Jonesin’

Mr. Jones and me tell each other fairytales.

Now and then I think it’s time to thin the velo-herd, so I start taking neglected bikes out for re-evaluation.

“Why are you still on a hook here after all these years?”

“Uh … because you’re a bike hoarder?”

“Oh, yeah, right. Carry on. Next!”

Now, anybody who talks to his bicycles when he’s not arguing with the voices in his head probably should not be evaluating anything without the guidance of trained mental-health professionals in a residential setting.

Yet, here we are, with all these voices and bicycles and daylight to burn. Someone has to take hold. Herself is slightly preoccupied, having the full-time job, plus the eBay side hustle and her volunteer work for the local Donk collective on behalf of The People, whoever they might happen to be.

And anyway, she only has two bikes and one voice, the one she uses to rebuke me for scattering bikes and bits all over the house.

But I digress. As usual.

The Co-Motion Divide Rohloff was getting a lot of love in January. There is no good reason on God’s green earth that I should (a) own this bike, and (2) like it. But I do, with its stout German gizmo hub and shifter mounted near the stem, the Gates carbon belt drive, and even the disc brakes.

And every time I think I should send it away, I treat it to some trail-and-tarmac combo platter by way of a fare-thee-well and come away cooing, “Nope, naw, nuh-uh, not gonna get rid of you. Not this time.”

Mr. Jones and me, stumbling through the barrio.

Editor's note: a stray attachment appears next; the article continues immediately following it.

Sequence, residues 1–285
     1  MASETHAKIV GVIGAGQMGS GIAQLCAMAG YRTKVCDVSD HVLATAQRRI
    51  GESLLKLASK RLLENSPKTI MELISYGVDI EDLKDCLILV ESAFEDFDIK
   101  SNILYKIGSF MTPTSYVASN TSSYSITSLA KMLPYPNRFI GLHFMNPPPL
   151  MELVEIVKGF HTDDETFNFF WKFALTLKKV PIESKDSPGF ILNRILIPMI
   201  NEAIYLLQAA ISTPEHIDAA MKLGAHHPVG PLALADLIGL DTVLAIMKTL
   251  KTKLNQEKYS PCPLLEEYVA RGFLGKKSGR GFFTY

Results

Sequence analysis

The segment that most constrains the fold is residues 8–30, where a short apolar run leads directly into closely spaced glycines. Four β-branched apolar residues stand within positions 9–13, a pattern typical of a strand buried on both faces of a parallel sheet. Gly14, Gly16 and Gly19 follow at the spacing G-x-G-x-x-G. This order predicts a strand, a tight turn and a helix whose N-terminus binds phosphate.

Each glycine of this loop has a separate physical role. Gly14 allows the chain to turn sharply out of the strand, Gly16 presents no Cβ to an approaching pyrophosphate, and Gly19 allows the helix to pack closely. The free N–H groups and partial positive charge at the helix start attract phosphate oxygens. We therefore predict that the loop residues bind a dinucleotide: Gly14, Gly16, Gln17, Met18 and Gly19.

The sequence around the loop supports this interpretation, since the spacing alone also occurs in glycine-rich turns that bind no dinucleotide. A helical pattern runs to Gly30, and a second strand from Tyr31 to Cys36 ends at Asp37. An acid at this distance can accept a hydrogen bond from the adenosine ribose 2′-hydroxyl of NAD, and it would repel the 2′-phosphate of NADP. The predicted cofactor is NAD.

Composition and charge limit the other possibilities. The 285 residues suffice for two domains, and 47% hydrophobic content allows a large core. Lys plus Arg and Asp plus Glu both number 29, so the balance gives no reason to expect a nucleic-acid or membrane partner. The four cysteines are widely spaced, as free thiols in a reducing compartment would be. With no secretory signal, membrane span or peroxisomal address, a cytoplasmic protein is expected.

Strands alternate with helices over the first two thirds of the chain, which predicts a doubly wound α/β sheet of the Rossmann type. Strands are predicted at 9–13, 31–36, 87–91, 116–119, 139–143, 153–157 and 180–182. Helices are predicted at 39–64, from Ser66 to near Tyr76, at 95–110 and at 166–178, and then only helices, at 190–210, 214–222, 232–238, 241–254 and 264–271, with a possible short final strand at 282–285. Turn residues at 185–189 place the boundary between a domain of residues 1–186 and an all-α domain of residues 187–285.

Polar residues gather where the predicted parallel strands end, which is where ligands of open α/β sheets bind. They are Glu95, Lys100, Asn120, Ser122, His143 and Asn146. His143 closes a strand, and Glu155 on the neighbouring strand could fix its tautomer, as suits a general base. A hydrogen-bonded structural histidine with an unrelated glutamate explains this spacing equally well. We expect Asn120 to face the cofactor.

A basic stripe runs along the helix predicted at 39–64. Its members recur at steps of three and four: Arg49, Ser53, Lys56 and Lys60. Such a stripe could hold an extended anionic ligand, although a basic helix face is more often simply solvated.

Yesterday it was the Jones and I who were getting reacquainted in the Elena Gallegos Open Space.

Both tires were flat when I pulled the Jones off its hook — no surprise, since I hadn’t ridden it in nearly nine months, and I only run 15 psi front and 20 rear. I pumped ’em up, they held air, and off we went.

Now, in my garage, the Jones is something of a weirdo, with its 170mm triple crank, wildly upright position, and swept-back H-bar atop a fork that looks like the uprights at State Farm Stadium. At a prom it would be the oddball in the oversized thrift-store duds slouching in a corner, looks like he cuts his own hair with a Buck knife and no mirror.

But it’s XT all around, with a 19.3-inch low end, and those plump 29×2.4-inch Maxxis Ardent tires soak up an awful lot of rough stuff that a 33mm cyclocross tire just ricochets off of like a stray round from the passenger window of a Civic street racer blowing the red at Central and Pennsylvania.

So, anyway, what was envisioned as a casual one-hour afternoon outing turned into 90 minutes of trails with the sun dropping faster than the New Year’s ball in Times Square.

And once again I came away cooing, “Nope, naw, nuh-uh, not gonna get rid of you. Not this time.”

“Next!”